Editors' ChoiceNETWORKS

Revealing Transcriptional Network Dynamics

See allHide authors and affiliations

Science's STKE  21 Sep 2004:
Vol. 2004, Issue 251, pp. tw334
DOI: 10.1126/stke.2512004tw334

Network analysis can reveal the overall wiring and information flow through a global system. Luscombe et al. provide a first look at the dynamics of the transcriptional network in yeast using a new statistical methodology they call SANDY (for statistical analysis of network dynamics). Using this methodology, they investigated how the transcriptional network changes in response to five different conditions: diauxic shift, DNA damage, or stress response, which they consider exogenous stimuli, or cell division or sporulation, which they consider endogenous cell processes. A minority of the interactions occurs in four or more of the conditions (66 out of 2476). Most of the transcription factors are involved in all of the conditions, whereas half of the target genes expressed are unique to a specific condition. Using multiple mathematical measurements for information flow, major differences between the endogenous and exogenous networks were revealed. For exogenous networks, the regulation of the transcription factors is simpler with fewer inputs than is observed for the endogenous networks. Furthermore, exogenous networks exhibit an increase in the number of genes targeted by each transcription factor compared with the endogenous networks. These two properties would allow faster propagation of the signal and a faster cellular response. Endogenous networks show a higher clustering coefficient than do exogenous networks, indicating that there is a high degree of interregulation among the transcription factors that participate in these endogenous cell processes. The properties of the connections between the transcription factors and their targets also vary between endogenous and exogenous networks, with exogenous networks containing many single-input motifs in which a single transcription factor has many target genes, and endogenous networks containing many feed-forward-loop motifs in which a primary transcription factor regulates a secondary factor and then both transcription factors regulate a final target gene. Transcription factor hubs, which are believed to represent the essential core of the network, were also revealed for each condition, as well as a permanent hub that was present in all conditions. The degree of interchange among the transcription factors was also measured, and with the exception of a few transcription factors in the cell cycle, most of the transcription factors in the five networks change a subset of their interactions among the conditions. Finally, SANDY allows properties within a subnetwork to be investigated, and the authors use the cell cycle network to demonstrate how the network changes during the different phases of the cell cycle.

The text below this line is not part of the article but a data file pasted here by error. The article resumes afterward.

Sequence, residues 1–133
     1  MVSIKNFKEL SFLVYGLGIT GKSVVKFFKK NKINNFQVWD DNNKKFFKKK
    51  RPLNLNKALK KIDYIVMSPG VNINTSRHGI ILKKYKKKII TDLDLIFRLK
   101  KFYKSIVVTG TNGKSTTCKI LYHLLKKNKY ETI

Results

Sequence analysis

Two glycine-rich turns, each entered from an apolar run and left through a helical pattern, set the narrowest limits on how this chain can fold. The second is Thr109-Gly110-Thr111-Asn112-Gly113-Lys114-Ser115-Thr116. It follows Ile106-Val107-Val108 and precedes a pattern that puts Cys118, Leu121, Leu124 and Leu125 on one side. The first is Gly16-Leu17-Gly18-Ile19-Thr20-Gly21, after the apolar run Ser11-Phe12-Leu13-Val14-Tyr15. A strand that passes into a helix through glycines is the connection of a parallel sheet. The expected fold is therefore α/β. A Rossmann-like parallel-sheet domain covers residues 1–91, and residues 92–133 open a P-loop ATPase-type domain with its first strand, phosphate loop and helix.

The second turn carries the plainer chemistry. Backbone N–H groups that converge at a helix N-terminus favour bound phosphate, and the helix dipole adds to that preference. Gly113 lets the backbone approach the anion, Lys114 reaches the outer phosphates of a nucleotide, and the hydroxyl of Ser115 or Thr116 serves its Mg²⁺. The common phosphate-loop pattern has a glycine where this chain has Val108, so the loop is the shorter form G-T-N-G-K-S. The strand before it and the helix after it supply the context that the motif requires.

N. M. Luscombe, M. M. Babu, H. Yu, M. Snyder, S. A. Teichmann, M. Gerstein, Genomic analysis of regulatory network dynamics reveals large topological changes. Nature 431, 308-312 (2004). [Online Journal]

Stay Connected to Science Signaling